Labour of Love, 2020-ongoing

‘Labour of Love: Laboriously Processed Algorithmic Drawing Series‘, 2020-ongoing

Materials: Tracing paper, highlighters, black pigment ink

Dimensions: A1

“A life thus names a restless activeness, a destructive-creative force-presence that does not coincide fully with any specific body. A life tears the fabric of the actual without ever coming fully ‘out’ in a person, place, or thing. A life points to… ‘matter in variation that enters assemblages and leaves them. A life is a vitality proper not to any individual but to ‘pure immanence,’ or that protean swarm that is not actual though it is real: ‘A life contains only virtuals. It is made of virtualities.”

Bennett, Jane. ‘Vibrant Matter: A Political Ecology of Things’. Durham: Duke University Press, 2010. p54

In 2020, Michelle Forrest-Beckett was awarded a Data Fellowship by the South-West Creative Technology Network (SWCTN). Funded by Research England and in partnership between the University of the West of England, Bath Spa University, University of Plymouth, Falmouth University, Watershed, and Kaleider, she was invited as a New Talent Artistic Researcher to creatively reflect upon data, alongside 23 fellows from academic, industry and creative backgrounds.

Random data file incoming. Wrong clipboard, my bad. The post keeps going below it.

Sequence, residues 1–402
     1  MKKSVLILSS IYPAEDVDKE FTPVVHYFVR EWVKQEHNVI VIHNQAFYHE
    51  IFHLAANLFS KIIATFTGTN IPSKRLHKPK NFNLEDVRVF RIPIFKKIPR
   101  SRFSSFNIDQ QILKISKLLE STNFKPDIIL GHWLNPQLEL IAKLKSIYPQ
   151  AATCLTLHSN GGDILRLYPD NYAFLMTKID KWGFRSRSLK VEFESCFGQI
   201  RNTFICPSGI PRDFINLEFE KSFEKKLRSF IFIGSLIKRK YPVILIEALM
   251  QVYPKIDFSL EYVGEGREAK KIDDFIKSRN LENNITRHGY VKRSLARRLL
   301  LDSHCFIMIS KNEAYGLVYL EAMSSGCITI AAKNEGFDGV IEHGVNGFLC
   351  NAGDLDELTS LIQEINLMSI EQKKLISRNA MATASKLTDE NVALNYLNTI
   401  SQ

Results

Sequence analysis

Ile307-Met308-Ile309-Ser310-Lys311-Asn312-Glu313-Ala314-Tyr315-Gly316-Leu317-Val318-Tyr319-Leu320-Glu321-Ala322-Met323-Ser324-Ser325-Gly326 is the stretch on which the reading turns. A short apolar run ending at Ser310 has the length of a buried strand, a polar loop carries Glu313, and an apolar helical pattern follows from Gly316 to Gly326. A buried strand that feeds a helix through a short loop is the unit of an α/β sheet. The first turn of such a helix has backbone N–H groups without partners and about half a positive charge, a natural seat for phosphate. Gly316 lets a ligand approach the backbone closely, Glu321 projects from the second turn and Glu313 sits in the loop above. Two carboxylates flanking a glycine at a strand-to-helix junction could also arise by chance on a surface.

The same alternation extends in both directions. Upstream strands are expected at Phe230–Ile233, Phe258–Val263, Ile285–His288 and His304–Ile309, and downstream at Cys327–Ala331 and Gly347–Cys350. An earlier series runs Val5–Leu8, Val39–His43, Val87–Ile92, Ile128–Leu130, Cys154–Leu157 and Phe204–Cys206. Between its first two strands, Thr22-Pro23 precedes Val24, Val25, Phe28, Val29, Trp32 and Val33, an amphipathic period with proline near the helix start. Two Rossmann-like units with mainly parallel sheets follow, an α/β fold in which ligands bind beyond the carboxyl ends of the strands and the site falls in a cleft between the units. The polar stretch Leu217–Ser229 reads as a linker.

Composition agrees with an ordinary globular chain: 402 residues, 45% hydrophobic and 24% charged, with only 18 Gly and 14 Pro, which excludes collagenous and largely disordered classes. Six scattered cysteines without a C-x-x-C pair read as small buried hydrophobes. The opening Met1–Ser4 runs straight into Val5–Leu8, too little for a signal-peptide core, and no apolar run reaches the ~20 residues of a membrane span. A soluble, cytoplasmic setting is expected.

The Data Fellowship began when the pandemic hit and following her divorce. Though divorce proceedings were amicable, as the Data Fellowship moved online and she became confined indoors with her laptop as her source for communication, it was during this extraordinary time of solitude that she began to mourn the loss of her long-term relationship and her heartache began to surface.

Opening-up her heart to Google’s search engine this tool became her closest confidante.

While looking for a means to process heartache in a matter-of-fact way, with some emotional distance, she discovered Robert Sternberg’s Triarchic Theorem for Love.

Curious to see if she could visually exhaust the psychometric model that underpinned Sternberg’s measurement theory, she adopted his triangulated forms and began executing a pattern making process, as a means to slowly-process heartache.

Following a colour-coding system that she tracked within a spreadsheet to map her permutations, she became transfixed by this triarchic process and sensed a symbiotic relationship form with machine learning.